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How to Make the Most of Fresher’s Week





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It’s a bit of a misconception that making the most of Freshers’ Week involves seven days of constant partying and near-herculean feats of drinking. And yeah, chances are you’ll be doing your fair share of that and having a great time along the way, but it’s not the only thing you’ll be doing during your first week.

While Freshers’ Week is an exciting time when you’ll get to meet loads of new people, for many it’s also the first time away from home – which can be a little daunting. On top of the socialising and new friends you’ll make, there’s so much more you can do to make the most of Freshers’ Week. Put the time to good use before your lectures start and make it a week to remember with this helpful how-to.


Freshers’ Week is the week before your course and lectures start properly. It gives students time to settle in, get to know flatmates, sign up to clubs and societies and get a bit of academic admin sorted, too. There’s always plenty to do and the variety of stuff that goes on means you’ll meet loads of like-minded people. Your new student life may throw one or two unexpected things your way, so be sure to check out our  FRESHERS’ WEEK SURVIVAL GUIDE as well.

There’s usually some great freshers’ events and book fairs to attend, too.



If you’re looking for free stuff and want to meet people with similar interests, be sure to head to your uni’s Freshers’ Fair. Local businesses come out in droves to throw discounts, offers and freebies your way, so it’s a good idea to bring a bag with you if you’re in the market for zero-cost swag.

The fair will also have stands from the clubs and societies based at your place of study. Not only are these a great way to find people with the same interests as you, but they’re also an excellent place to give something new a try. Ultimate frisbee society? Why not? A chance to learn martial arts? Go for it. Always fancied yourself as a public speaker? Debating society is for you.

Uni is a time to get out of your comfort zone and experience the unfamiliar, so signing up for a club is definitely one way of doing it.


It goes without saying, but it wouldn’t be Fresher’s Week without at least a couple of nights out. Wherever you decide to go, it’s important that you stay safe when you’re out clubbing. Since you’ll be in all sorts of new places, make sure you’ve swapped numbers with your housemates just in case you get split up from your group. If you need a taxi, be sure to only use licensed cabs; if you head to the Freshers’ Fair, there’s usually loads of local firms handing out their numbers, so be sure to jot some down. Lastly, make sure you never leave any of your drinks unattended inside clubs or bars.


You’ll meet lots of different people in your first week of term that are in the same boat as you. And while Freshers’ Week could well be a way of making a new start, we’d say it’s better to be yourself rather than trying out a party-hard persona just for the sake of it. Trust us, you’ll find it difficult to keep up through the whole year.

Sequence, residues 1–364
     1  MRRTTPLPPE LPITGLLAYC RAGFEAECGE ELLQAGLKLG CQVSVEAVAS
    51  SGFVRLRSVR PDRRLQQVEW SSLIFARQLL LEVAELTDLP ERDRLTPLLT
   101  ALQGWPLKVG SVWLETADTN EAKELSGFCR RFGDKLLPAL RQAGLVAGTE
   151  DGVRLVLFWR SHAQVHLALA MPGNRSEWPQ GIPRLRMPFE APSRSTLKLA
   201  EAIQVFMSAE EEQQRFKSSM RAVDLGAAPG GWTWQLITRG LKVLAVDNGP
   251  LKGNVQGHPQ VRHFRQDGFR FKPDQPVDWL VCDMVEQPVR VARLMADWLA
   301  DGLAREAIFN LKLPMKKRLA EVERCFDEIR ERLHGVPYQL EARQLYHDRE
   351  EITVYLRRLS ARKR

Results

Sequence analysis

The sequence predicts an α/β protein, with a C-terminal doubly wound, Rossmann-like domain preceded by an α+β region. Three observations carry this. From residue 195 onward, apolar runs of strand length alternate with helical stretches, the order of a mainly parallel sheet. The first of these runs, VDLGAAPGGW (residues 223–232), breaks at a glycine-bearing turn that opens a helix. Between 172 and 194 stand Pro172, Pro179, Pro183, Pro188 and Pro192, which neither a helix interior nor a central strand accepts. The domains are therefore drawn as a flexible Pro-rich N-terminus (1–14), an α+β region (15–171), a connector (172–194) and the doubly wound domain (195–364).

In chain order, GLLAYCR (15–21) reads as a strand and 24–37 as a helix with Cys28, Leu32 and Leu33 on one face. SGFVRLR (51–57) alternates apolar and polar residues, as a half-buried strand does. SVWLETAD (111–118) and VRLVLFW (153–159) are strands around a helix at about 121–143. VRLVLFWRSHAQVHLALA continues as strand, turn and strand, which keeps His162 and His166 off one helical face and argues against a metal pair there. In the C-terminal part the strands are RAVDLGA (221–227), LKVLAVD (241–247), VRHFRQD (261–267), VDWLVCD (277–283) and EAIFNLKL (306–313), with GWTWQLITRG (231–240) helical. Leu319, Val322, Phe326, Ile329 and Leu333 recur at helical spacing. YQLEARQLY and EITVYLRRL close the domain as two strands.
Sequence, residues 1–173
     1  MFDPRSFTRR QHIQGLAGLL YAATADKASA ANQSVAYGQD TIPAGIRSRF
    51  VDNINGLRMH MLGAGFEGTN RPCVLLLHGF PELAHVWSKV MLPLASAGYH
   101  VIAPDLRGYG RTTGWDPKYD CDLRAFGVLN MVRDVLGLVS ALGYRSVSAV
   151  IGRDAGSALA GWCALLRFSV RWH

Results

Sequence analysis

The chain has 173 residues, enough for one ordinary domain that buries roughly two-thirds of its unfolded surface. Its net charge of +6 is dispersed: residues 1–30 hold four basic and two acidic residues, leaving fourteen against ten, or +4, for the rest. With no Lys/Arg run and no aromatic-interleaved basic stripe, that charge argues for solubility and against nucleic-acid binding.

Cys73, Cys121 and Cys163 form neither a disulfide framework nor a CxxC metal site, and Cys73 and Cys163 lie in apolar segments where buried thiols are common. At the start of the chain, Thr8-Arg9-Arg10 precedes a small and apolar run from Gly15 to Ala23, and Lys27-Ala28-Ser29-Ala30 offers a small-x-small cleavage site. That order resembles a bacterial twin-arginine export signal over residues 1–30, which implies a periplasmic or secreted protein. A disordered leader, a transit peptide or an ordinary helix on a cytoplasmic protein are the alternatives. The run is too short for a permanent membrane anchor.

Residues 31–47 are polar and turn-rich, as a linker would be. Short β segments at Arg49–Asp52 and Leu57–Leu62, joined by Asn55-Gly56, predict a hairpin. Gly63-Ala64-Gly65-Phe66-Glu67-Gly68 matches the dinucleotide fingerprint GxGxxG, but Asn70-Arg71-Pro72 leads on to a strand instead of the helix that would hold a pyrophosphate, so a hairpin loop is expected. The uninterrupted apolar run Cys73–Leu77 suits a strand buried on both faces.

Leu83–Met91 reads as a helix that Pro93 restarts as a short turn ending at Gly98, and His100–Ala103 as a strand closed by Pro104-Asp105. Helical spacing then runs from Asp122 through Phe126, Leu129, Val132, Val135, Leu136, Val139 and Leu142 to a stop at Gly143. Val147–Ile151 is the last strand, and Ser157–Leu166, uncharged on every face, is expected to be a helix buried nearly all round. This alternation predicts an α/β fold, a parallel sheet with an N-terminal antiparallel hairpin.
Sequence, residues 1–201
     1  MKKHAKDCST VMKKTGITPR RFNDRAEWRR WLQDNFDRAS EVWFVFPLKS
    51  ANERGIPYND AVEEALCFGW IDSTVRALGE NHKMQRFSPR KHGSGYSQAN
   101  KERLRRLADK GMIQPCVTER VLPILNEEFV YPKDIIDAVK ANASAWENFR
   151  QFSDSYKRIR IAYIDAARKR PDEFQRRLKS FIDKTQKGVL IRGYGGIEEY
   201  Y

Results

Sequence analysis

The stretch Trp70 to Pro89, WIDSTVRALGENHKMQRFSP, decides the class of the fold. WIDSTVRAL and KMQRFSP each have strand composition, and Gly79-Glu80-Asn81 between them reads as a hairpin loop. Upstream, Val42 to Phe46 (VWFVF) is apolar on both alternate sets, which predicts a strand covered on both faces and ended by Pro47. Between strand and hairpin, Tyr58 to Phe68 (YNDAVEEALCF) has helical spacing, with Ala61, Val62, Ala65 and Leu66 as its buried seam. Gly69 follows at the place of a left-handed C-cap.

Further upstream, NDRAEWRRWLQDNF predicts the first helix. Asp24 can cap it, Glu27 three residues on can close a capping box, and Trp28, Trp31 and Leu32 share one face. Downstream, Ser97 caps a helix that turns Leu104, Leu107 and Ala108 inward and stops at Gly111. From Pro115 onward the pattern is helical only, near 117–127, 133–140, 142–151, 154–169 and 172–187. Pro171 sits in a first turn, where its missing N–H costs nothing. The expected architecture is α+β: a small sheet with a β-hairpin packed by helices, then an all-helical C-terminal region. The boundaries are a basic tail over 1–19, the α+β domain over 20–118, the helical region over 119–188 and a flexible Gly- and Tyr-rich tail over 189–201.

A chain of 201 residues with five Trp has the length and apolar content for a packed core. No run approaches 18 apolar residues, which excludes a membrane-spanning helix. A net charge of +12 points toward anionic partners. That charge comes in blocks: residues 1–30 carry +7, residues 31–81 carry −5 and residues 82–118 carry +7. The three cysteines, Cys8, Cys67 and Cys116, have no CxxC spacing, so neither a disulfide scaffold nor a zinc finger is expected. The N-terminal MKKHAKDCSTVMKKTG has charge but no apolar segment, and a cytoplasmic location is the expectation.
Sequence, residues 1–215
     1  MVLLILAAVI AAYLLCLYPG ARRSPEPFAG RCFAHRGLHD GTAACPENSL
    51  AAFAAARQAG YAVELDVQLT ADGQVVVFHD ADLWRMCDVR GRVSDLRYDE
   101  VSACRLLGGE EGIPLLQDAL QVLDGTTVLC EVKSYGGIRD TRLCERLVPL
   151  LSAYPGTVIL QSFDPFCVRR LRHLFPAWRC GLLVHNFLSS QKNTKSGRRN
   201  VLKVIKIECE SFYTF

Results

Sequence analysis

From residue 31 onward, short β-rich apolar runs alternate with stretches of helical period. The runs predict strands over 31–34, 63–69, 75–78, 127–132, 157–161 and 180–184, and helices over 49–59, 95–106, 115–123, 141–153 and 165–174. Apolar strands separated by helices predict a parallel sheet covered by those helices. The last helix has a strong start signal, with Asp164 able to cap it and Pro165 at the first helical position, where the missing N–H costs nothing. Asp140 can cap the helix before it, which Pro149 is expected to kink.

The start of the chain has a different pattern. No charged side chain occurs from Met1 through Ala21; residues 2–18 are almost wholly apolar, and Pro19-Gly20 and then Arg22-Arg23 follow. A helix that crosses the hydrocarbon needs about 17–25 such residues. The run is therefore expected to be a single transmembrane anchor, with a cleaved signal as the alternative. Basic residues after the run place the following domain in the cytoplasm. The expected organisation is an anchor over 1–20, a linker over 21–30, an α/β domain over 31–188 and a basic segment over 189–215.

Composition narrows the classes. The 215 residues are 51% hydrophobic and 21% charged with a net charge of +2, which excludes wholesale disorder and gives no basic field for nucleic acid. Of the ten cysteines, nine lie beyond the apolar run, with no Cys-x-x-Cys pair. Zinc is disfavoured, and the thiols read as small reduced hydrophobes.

The dreaded Freshers’ Week FOMO (Fear of Missing Out) might make it feel like you have to do everything in order to have the best time. While it’s good to keep busy throughout the week, just remember: there’s no pressure to do anything you don’t want to. You’ll have three years to have an amazing time, so if you want to take it easy then go at your own pace and don’t feel like you have to cram everything into this one week.

Chances are there’ll be others who just fancy relaxing in the flat, too. If you don’t feel like going to a club for the third night in a row, then find something else to do. Try out one of the clubs you signed up for, have a quiet one at the student union or chill out, watch a film and recharge your batteries for the next day. Not everyone’s a party animal, so don’t feel like you have to be out drinking every single night of the week. Take it from us, your head will thank you for it the next day if you take the night off.



With all the new people you’ll be meeting and places you’ll be going, it’s important to take some time for yourself. Before the big night kicks off, why not have some alone time exploring the new city, decorating your room or even catching up on some sleep?


Lastly, you’ll have some meetings and introductory lectures to attend during the week, so it’s important to remember these amongst all the fun you’ll be having. You’ll need to register on your course and collect your student ID (for those all-important student discounts), and fill out some other bits and pieces. Registering with your local GP is essential for those times you’re feeling a bit under the weather, too.

And while your timetable will be light for the first week or two, we’d advise looking up where your lectures are held, getting to know your library, and familiarising yourself with the area. It’ll help a lot when term gets into full swing.

Still looking for somewhere to stay, or planning ahead for next year? Head over to our HOMEPAGE to see what properties are nearby or drop us a line on 0207 1000 100 for more information on our student residences.